Demobbed: Coming Home After The Second World War began as a doctoral dissertation and arrives via a university press, but it’s strikingly non-academic. Looking at the experiences of returning British servicemen after World War II, Alan Allport acknowledges time and again that there are almost no comprehensive, statistically non-dubious studies to draw upon in trying to figure out how many soldiers returned shell-shocked, or how many marriages broke up as a direct result of reunited ex-newlyweds discovering a lack of compatibility. Instead, he acknowledges the stumbling blocks and gets on with it, drawing on a wide range of contemporary publications, anecdotes, and letters to extrapolate a dazzling, largely anecdotal portrait of a society in transition.
“The demobilisation experience in 1945 and all the powerful hopes and fears that it generated has curiously vanished from our collective memory,” Allport writes in the prologue. His task is to resurrect unpleasant forgotten memories of the post-war transition. He doesn’t wait to get started: In the first pages of the prologue, we get the story of Cyril Patmore, who returned home to an adulterously pregnant wife and stabbed her to death. In the following chapters, Allport covers a lot of societal dysfunction, much of it potentially lurid—ex-GIs turned thieves, psychiatric breakdowns—but never loses his cool.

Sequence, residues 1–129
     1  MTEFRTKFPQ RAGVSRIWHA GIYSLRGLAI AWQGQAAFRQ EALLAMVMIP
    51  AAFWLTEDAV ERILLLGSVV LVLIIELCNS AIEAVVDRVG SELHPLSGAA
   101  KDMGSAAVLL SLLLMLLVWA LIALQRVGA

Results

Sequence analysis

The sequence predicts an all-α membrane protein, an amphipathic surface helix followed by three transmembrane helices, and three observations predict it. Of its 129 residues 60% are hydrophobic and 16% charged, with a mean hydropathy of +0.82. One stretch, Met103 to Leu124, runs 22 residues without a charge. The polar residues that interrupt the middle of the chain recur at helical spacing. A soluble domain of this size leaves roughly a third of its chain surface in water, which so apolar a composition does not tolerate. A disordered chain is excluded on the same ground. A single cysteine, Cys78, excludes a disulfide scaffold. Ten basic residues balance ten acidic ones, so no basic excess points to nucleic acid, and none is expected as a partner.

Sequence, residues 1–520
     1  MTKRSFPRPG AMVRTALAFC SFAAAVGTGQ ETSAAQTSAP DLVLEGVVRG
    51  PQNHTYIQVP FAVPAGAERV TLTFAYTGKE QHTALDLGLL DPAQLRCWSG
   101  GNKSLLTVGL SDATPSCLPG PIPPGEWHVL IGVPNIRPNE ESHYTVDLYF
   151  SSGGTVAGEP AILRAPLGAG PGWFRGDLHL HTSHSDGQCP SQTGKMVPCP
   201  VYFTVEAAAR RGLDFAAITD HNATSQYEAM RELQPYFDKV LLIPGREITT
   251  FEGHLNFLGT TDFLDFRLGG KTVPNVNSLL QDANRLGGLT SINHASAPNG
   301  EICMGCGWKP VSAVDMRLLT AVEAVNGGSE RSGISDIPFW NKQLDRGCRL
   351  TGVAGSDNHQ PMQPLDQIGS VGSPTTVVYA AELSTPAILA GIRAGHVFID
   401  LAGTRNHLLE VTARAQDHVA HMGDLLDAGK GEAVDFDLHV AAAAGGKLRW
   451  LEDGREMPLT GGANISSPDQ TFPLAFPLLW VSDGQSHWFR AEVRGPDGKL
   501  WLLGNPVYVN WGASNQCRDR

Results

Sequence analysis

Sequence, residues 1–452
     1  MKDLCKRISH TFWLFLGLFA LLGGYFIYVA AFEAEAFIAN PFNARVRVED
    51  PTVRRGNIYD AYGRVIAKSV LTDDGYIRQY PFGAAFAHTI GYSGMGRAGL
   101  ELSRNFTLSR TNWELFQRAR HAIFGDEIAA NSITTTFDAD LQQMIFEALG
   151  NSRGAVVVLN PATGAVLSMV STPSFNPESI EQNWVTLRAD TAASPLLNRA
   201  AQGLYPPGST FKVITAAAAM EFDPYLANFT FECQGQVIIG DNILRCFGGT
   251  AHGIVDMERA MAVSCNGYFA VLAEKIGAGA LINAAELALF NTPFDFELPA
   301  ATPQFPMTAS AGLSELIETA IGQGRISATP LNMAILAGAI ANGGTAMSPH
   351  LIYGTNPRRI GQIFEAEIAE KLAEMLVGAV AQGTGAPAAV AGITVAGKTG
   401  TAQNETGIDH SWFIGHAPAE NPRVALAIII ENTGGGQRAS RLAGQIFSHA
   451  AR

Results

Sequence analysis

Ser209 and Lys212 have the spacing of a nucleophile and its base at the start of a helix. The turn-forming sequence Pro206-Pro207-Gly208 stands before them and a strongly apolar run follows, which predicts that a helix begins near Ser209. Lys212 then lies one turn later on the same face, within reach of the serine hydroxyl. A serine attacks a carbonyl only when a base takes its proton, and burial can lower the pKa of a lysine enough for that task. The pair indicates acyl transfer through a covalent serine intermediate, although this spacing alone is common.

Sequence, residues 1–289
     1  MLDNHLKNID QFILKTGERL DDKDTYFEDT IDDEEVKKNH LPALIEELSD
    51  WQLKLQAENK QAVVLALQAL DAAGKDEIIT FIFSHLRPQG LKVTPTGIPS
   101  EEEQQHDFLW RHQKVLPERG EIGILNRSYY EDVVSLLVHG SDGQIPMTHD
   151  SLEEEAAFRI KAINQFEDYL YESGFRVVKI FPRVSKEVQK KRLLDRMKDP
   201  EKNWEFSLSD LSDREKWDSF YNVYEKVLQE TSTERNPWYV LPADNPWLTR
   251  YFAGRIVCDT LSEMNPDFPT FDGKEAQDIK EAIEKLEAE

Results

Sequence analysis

Allport’s approach to every issue is even-handed, citing the full possible spectrum of responses to every issues. It’s no surprise that writers and ex-servicemen like Anthony Burgess and George MacDonald Fraser would have a lot of interest to say, but Allport performs a valuable service in resurrecting the comments of the long-forgotten average man from the archival trough. Whether it’s the disabled Scot who complains of the color-clashing suit he was issued upon release (“I had to travel in this hideous outfit from Durham to Glasgow and I don’t think it was my crutches that drew so many looks of pity”) or the unsentimental reflections of a paratrooper on hearing about the German surrender (“Disgust, contempt and a little pity mix ill”), Allport’s greatest feat is reviving some of the most eloquent forgotten voices of the period.
Allport’s points of contemporary relevance are few but salient: the whitewashing of the return home as a period of quiet transition ill-serves everyone, the British government’s failure to enact an equivalent to the GI Bill was a missed opportunity that may have set the country back decades, and demobilizing soldiers is still an ill-understood, often poorly handled process. In telling the story of how it was once done in a patchy, guesswork way, he makes his case eloquently and entertainingly.